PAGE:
Good humor makes me laugh, but I didn’t inherit the funny gene.
Funny movies uplift my spirits. My husband rolls in laughter during Funniest Home Videos. Lucille Ball’s antics send me into fits of laughter. Why can some writers magically infuse humor and others? Well, some of us don’t have the magic wand.
My children waited in anticipation for the punchline at the end of The Monster at the End of This Book. Mo Williams delights young readers with Don’t Let the Pigeon Drive the Bus. The storytelling and illustrations infuse good storytelling and a laugh.
Despite my intense appreciation of humor in books or on the screen, why can’t I write funny stories? Erma Bombeck kept me sane as I raised children. Dave Berry never failed to highlight the small absurdities of life in general. The antics of Sheldon and friends never fail to make me laugh no matter how many times I’ve watched each episode.
Why can’t I do funny?
Advice for Writers
The first line of defense — check the internet. How do writers craft a humorous story or script? A quick internet search delivered a few choices leading me to an article by the New York Book Editors on How to Write Humor.
I’m set, but the article starts with a grave disclaimer, “Humor is not one-size-fits-all. Humor is subjective. What’s funny to me may not be funny to you.”
No joke! Therein lies my biggest obstacle. How do I even begin to know what you think is funny? As a serious child and a helplessly serious and reflective adult, I enjoy a limited amount of slapstick. Still, a steady diet will send me running for Thoreau, Frost, or quiet yoga practice to reflect on the meaning of life.
10 Things to Remember When Writing Humor
Like all good listicles, the writers promise me a pathway to increasing my humor craft. With anticipation, I wait for the silver bullet that will suddenly immerse me in the world of comedy and laughter. My writing will run over with humorous anecdotes and send you away laughing.
1. Reasons to include humor in your story.
Advice: Life has light-hearted moments. Include them in your writing to capture the beauty of life.
2. What is humor?
Advice: “No one knows how to definitively answer that question.” (Great, thanks.)
3. Study humor.
Advice: Don’t just consume humor. Figure out how to capture the magic. (Well, how?)
4. Don’t try to be funny.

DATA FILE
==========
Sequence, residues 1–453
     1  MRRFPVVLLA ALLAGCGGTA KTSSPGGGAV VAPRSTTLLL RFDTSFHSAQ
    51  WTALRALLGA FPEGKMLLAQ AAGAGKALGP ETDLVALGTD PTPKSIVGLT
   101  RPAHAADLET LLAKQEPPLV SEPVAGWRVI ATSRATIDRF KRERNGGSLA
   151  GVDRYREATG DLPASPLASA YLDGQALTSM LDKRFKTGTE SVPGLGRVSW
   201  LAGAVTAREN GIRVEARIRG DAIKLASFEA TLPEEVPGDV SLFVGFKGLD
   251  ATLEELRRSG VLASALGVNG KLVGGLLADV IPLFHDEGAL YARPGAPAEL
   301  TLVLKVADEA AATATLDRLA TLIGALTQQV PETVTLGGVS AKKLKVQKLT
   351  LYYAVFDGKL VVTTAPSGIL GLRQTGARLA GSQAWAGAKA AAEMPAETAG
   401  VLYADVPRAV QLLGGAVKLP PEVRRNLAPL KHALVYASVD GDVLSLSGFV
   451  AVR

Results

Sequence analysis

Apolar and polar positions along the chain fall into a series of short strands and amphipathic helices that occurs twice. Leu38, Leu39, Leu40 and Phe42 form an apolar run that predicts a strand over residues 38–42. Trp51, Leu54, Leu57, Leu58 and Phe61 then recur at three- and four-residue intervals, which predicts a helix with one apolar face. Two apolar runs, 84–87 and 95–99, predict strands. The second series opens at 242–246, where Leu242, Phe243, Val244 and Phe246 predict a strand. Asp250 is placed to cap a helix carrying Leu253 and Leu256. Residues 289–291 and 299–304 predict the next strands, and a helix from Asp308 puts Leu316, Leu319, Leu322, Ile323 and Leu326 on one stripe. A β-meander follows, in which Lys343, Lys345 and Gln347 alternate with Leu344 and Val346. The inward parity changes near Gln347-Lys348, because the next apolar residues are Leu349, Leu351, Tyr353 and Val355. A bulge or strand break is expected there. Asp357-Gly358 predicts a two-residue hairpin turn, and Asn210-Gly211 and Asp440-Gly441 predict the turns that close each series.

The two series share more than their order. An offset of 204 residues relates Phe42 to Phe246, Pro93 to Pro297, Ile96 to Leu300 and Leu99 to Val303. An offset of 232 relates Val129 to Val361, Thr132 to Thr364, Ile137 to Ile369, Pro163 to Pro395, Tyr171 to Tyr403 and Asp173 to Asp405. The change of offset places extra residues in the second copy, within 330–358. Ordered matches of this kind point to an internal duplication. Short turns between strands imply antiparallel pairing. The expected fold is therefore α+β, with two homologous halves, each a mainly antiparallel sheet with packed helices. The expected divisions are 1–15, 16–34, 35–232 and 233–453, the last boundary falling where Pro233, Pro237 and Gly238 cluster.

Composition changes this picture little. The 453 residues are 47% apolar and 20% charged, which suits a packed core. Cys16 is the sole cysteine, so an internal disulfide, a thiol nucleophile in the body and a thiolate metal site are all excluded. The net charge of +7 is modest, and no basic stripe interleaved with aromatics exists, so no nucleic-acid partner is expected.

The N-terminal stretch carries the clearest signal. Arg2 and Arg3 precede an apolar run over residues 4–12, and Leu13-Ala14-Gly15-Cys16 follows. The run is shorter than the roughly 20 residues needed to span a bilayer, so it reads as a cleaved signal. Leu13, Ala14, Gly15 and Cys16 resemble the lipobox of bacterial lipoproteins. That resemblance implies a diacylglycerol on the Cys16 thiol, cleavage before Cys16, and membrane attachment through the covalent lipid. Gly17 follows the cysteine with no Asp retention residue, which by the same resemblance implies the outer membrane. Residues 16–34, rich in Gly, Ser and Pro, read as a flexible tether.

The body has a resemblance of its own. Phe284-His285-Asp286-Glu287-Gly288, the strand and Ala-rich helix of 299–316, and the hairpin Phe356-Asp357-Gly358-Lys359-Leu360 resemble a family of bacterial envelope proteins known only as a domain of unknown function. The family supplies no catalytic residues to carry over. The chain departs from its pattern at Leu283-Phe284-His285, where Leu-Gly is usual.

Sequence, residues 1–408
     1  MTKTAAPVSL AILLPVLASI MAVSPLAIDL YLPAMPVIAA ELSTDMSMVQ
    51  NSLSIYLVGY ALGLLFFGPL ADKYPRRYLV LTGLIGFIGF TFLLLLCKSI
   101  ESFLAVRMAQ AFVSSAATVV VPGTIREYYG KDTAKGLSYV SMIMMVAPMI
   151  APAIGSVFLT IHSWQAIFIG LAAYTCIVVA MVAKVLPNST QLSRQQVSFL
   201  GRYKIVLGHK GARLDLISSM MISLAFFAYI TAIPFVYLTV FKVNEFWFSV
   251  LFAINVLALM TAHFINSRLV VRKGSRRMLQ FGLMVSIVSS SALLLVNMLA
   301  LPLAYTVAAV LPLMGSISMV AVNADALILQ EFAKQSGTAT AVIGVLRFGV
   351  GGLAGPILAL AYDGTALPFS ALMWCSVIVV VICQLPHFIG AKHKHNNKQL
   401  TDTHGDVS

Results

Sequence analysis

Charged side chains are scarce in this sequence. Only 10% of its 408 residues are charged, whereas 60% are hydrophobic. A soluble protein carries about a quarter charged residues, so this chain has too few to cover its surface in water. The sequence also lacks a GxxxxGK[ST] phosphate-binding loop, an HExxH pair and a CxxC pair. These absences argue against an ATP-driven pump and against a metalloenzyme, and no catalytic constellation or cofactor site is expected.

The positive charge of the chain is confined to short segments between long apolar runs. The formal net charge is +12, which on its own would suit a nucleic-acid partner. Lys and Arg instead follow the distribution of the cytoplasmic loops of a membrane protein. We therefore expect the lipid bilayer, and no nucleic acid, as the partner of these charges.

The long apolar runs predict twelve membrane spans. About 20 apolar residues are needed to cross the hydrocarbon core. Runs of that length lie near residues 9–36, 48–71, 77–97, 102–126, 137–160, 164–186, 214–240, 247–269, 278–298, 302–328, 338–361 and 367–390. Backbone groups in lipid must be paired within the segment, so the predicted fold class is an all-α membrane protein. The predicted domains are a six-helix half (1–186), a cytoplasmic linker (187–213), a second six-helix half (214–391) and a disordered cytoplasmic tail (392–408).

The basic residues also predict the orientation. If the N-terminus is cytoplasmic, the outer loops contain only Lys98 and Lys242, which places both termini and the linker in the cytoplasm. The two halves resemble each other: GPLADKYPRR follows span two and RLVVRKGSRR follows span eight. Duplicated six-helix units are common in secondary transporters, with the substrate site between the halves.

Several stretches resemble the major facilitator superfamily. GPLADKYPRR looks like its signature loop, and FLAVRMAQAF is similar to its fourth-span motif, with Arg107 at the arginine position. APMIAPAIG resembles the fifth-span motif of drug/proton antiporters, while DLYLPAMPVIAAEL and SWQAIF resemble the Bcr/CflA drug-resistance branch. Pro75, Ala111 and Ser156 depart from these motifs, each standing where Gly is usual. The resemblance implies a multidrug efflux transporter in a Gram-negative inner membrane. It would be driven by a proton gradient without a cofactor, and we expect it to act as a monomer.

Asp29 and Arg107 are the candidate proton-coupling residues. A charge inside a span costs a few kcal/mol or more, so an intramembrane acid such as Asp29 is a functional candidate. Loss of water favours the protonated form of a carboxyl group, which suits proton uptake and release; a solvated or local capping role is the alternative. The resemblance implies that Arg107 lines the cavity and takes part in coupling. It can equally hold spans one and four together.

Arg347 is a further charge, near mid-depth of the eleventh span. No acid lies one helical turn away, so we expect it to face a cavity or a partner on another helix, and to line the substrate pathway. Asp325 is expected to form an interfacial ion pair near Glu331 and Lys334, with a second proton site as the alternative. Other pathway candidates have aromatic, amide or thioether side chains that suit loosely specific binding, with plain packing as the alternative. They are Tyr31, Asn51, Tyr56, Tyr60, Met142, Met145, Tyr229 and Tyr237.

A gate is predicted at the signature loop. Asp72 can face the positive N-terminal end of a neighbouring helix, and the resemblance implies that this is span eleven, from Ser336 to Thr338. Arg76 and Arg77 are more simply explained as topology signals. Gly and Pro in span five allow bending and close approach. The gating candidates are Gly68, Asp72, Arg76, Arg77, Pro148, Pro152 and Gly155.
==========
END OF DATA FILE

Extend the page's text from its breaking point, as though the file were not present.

Advice: Don’t try to be funny. Write to make yourself laugh.
5. Mind the genre.
Advice: You can add humor to almost any genre, but some readers tolerate more humor than others. (See suggestion #2)
6. Make fun of the entire genre.
Advice: Create spoofs, caricatures, and exaggeration, but don’t cross the line into meanness. (I see more of this humor every day. No thanks.)
7. Know your reader.
Advice: Know your audience and what the reader understands. (See suggestion #2)
8. Use humor for characterization.
Advice: Use humor to develop a character or make the narrator funny. (Read Snappsy the Alligator Did Not Ask to Be in This Book by Julie Falatko for a good example.)
9. Use humor to develop the relationship between reader and narrator.
Advice: Strengthen the bond between narrator and reader by putting your characters in funny circumstances. Then the characters see the comedy of their actions, and the reader can relate to those situations. (Maybe)
10. Use humor in the dialogue.
Advice: Adding funny moments through dialogue reveals character traits, adjusts story pacing, diminishes tension, or increases it.
What About the Not So Humorous?
The article ends by reminding the writer, me, that humor is an indispensable tool because “ Every writer should be able to wield humor whenever necessary.”
Does this mean I will never reach writerhood unless I can conjure up some humor? Without a bit of funny, a hearty laugh, life can turn to a constant shade of gray and despair. After all, laughter is the best medicine. I would also contend that laughter between friends eases the deepest sadness.
If humor cannot be defined, can we even measure it? Following the advice in suggestion #4, I’ve chuckled several times while writing this story—so it must be humorous. All skills require practice, and obviously, I still need much more.
One morning, this silly frog planted himself on my front window. We stared at each other for a few minutes. Neither of us laughed, but I thought he was trying to brighten my day with his silly grin.
Humorous? What do you think?